Those who believe OPEC fairly represents the voices and interests of all of its members are either extremely naive or hopelessly idealistic. Perhaps an ashram is better suited to house those with such a divine leap of faith than being physical oil traders. As ever, official events like the JMMC hosted this past weekend or the infamous Vienna Oil gatherings, should be given no more credit than watching a chic-flick Netflix series; pure entertainment and pass-time. As the old adage goes "watch what Saudi Arabia does, not what they say they will do."
Over the past year, the driving force behind most of OPEC's decisions has been Saudi Arabia and its recent non-OPEC-member "bestie," Russia. This should come as no surprise, as the three largest producers of oil are Saudi Arabia, Russia and the U.S. (post Shale expansion).
Decisions to raise oil production or cut are witnessed if the above two members are in agreement, and the rest of the members just follow. The parade of quotas is presented so meticulously as though they are hard-lined and monitored. OPEC has always had a history of cheating -- quotas are more of a "guide" than an actual target.
Once this is understood, then investors and traders can understand what drives the key members' decisions in connection with budget deficits and revenue considerations. If one understands the flow of wealth earned via resources, one will understand the way the world's map is, and will be shaped going forward.
Over the weekend JMMC event, Saudis suggesting cutting production anywhere between 500,000 barrels per day up to 1,000,000 barrels per day (bpd). Very clever wording as they failed to inform the market what they produced in October to begin with.
According to secondary data released yesterday, Saudi output in October was 10.63 mbpd, higher than the 10.502 mbpd in September. Saudi Arabia is no longer complying with the quotas. The point to note is not the slight increase but the gesture itself, given they had promised to cut production by 486,000 bpd from the 10.544 mbpd level! Sound like Déjà vu? Back in June, they had already started cutting production when the official announcement was put forth at the end of June for a proposed cut.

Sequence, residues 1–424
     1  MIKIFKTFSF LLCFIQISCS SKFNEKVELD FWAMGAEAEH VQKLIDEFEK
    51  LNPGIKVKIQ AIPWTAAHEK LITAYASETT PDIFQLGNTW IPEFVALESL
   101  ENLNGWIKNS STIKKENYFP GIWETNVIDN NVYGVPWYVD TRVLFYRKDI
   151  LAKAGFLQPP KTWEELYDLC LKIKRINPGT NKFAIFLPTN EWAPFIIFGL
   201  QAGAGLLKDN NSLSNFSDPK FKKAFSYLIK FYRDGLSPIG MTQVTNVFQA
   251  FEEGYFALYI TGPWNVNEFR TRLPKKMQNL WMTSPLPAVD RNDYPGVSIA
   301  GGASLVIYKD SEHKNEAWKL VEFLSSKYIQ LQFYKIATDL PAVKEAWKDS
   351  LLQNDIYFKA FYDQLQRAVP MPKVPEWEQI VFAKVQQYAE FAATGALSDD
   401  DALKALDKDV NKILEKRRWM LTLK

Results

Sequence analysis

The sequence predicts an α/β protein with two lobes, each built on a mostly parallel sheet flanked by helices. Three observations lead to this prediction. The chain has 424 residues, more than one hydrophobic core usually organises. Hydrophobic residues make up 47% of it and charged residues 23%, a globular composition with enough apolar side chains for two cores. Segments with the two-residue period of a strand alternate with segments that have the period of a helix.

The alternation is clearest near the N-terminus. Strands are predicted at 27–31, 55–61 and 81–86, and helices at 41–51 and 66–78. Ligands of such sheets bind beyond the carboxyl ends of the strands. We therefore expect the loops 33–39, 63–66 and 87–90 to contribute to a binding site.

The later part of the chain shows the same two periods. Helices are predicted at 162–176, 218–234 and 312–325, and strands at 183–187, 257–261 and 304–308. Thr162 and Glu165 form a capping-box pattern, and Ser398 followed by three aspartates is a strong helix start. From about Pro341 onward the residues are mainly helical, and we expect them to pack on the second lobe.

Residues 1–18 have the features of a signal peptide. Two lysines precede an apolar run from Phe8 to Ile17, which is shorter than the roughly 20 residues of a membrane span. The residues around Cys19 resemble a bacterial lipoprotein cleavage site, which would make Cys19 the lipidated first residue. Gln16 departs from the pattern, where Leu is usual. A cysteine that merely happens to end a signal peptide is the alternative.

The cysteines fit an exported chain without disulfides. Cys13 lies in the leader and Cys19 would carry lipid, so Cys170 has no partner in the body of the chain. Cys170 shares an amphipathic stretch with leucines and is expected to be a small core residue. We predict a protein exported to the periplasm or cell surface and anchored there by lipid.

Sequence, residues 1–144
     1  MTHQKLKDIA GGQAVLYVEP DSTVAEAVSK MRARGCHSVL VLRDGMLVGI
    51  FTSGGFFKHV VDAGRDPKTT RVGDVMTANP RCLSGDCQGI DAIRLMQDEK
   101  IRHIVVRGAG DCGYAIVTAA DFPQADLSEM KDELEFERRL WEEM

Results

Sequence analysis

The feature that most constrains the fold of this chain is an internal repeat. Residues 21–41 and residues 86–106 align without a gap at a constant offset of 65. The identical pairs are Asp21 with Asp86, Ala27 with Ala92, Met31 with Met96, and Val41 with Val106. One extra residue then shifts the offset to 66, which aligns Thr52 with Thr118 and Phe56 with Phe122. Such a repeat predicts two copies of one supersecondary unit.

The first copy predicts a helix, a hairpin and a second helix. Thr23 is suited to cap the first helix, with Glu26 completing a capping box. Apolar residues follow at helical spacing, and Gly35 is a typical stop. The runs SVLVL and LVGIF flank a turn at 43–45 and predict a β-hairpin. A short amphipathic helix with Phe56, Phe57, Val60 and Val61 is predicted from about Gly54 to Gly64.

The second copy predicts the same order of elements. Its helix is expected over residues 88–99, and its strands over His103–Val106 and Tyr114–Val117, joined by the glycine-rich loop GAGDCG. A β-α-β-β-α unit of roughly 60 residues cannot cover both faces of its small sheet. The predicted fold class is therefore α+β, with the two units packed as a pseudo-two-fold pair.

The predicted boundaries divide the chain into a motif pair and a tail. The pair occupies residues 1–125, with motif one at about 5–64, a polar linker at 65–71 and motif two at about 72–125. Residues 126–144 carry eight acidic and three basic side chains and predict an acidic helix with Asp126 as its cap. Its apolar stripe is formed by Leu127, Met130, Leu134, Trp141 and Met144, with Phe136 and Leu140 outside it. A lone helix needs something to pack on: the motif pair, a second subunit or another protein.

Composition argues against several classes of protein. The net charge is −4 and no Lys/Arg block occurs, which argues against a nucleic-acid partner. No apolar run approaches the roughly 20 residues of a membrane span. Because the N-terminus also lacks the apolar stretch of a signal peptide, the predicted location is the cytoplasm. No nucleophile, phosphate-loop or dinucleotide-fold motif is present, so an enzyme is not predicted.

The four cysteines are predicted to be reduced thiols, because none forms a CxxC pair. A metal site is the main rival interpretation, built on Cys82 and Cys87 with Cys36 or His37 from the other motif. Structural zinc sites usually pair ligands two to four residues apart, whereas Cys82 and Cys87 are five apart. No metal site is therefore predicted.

One can theorize several possible reasons for not sticking to targets -- ranging from appeasing Trump going into the key midterm elections to them wanting to monetize on these highly lucrative prices -- to Saudi wanting to be the saviour in case Iran oil sanctions took additional oil out of the market.
It all boils down to a very simple fact: Most oil producers want a high enough price that it will generate sufficient demand at a healthy pace while not killing their money-making machine altogether. High prices, but not too high -- and not too low, given that budget deficits need to be met. That is in the interests of every one.
The market is grappling with oil prices crashing from $85 down to $70, only yesterday falling yet another 7% down to $65/bbl. One can argue that since August, when emerging markets and China were collapsing, oil's rally from $74/bbl all the way to $85/bbl in October was never "real" to begin with.
Hence it is realistically down only about 10%. The oil price always tends to overshoot both to the upside and downside. One can argue the 7% move down yesterday was perhaps a bit too aggressive. It does smell of a harsh liquidation. Next week's CFTC speculative position will probably show that.
For now, chartists are all over the oil market to gauge a level of support and resistance so that they can trade the ranges. Truth to be told, the oil market can perhaps have a sharp squeeze from here as it seems a bit oversold near term, but there is no reason to be long it for anything other than a trade, at least for now. The Oil market will likely drift over the next few weeks until real evidence of demand destruction or a pick up is seen going into the fourth quarter.
The oil market is driven by demand for its key products, and right now we are in a shoulder "weak" season. Until then, we can all become chartists and try to call the bottom.